Editorial: Resurgence of deadly heroin underscores need for treatment
The drug culture of the late 1960s and early 1970s popularized marijuana, cocaine, LSD and other street drugs.
But with the accidental overdose of rock singer Janis Joplin in 1970 and other high-profile deaths, none was considered more dangerous or addictive than heroin.
Over the next few years, the surge of heroin use began to subside. The development of methadone helped treat the addicted, and the end of the Vietnam War closed out some of the smuggling routes that had flourished since the conflict began in the mid-1960s.
As cocaine use skyrocketed, heroin moved to the background -- at least on the streets of middle America.
But today heroin is back in a big way -- this time coming primarily from Mexico and South America.
Federal drug agents report that the amount of heroin seized along the nation's southwestern borders has quadrupled since 2008. Local law enforcement also has seen increases, and the number of heroin overdoses in West Virginia was up 44 percent in 2012.
Most of us would ask the very reasonable question, "With all that is known about the dangers of heroin, why is it coming back now?"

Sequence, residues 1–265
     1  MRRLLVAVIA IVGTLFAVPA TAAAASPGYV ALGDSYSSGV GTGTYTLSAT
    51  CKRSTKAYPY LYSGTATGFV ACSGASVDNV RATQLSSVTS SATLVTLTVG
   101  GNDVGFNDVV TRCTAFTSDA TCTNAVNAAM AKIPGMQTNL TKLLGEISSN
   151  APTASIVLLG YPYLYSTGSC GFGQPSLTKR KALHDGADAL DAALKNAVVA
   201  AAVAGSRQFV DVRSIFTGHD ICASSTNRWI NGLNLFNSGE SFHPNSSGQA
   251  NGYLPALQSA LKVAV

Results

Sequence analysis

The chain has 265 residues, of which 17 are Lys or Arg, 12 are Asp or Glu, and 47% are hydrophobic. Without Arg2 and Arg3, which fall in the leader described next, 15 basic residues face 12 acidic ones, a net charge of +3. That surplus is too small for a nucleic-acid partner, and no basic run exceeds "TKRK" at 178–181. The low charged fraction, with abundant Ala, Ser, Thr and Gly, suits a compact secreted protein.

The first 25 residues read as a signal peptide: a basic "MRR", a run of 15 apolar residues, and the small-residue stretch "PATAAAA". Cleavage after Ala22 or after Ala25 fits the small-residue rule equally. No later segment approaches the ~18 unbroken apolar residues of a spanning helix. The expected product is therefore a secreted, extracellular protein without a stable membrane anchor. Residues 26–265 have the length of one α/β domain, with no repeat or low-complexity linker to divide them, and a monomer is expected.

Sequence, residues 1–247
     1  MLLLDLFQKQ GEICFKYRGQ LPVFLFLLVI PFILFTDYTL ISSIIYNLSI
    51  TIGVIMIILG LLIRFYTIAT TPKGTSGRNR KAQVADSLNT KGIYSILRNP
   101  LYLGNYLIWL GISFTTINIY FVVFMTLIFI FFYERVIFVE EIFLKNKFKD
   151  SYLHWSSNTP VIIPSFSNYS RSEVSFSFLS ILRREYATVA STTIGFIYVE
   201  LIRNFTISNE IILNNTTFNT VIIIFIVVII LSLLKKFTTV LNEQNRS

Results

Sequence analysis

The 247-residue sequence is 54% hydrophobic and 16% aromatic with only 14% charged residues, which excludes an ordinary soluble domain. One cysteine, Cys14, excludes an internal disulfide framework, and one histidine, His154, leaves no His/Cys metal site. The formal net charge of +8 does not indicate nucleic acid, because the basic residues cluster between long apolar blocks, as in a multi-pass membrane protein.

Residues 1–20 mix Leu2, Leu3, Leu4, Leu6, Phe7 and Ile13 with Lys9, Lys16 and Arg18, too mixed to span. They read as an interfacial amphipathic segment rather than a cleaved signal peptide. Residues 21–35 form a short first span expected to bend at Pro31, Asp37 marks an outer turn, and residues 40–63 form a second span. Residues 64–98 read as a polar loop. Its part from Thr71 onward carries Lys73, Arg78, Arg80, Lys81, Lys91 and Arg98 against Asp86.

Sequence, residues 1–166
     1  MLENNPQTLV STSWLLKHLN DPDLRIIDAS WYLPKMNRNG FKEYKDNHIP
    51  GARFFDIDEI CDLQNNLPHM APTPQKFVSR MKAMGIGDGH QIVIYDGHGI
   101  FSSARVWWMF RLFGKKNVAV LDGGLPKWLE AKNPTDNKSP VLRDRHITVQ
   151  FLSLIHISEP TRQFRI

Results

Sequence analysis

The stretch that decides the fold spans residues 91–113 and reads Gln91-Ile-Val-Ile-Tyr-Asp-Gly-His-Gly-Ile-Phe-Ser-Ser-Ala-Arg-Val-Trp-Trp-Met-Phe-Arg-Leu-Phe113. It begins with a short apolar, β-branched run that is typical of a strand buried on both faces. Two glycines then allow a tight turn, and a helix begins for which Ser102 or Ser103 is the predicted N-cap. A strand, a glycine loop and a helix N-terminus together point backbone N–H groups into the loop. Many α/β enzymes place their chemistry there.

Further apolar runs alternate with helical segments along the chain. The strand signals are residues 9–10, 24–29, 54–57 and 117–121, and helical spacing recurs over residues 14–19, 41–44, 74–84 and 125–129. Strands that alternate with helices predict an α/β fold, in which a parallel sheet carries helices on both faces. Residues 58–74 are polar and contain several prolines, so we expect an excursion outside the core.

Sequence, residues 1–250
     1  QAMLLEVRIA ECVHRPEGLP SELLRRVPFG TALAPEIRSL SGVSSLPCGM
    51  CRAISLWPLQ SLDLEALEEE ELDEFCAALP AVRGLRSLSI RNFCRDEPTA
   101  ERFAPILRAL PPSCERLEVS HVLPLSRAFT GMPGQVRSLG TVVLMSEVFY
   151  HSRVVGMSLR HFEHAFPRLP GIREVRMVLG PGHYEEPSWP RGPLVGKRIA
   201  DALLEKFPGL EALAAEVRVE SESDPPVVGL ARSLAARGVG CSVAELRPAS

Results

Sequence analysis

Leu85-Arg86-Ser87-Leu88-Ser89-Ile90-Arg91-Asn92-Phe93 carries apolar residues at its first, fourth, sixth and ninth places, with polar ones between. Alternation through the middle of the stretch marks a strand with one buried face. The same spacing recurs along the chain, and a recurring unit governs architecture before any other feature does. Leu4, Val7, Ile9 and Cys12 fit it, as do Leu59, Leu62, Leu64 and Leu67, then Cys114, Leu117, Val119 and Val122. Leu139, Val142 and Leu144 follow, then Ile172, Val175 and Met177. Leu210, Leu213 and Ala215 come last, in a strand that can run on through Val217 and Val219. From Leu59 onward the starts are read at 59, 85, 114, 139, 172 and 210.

Ironically, the resurgence of the worst of the street drugs is being blamed on legal drugs that have flowed through our drugs stores and medical clinics over the past decade.
The introduction of opiate-family pain killers such as Oxycontin in the 1990s has fueled an addiction epidemic, not just in the rough areas of big cities, but across the small towns and heartland of the country. Many abusers got started with a legal prescription for pain issues, so the problem has affected all ages and social strata.
But frankly, by the time states and the prescription drug industry began to crack down on the flow of these pain pills, it was too late. Our region and much of America had an entrenched addiction problem.
As supplies of prescription pain killers dried up or became too expensive, these users turned to the cheaper and increasingly more available alternative of heroin. Unfortunately, the heroin suppliers find their markets with frightening efficiency and often lethal consequences.
"As bad as oxycodone, heroin is worse," addiction specialist Mark Publicker told USA TODAY this week. The use of needles and the unpredictable potency of the drugs can lead to overdoses, particularly among novice users.
Hindsight certainly tells us that the introduction and management of these more powerful prescription pain killers were bungled on many levels. But if we learn anything from this cautionary tale, it is that with addiction, supply will meet demand.
Communities cannot fight today's problem without adequate treatment efforts, and we cannot afford to move too slowly on increasing those resources.
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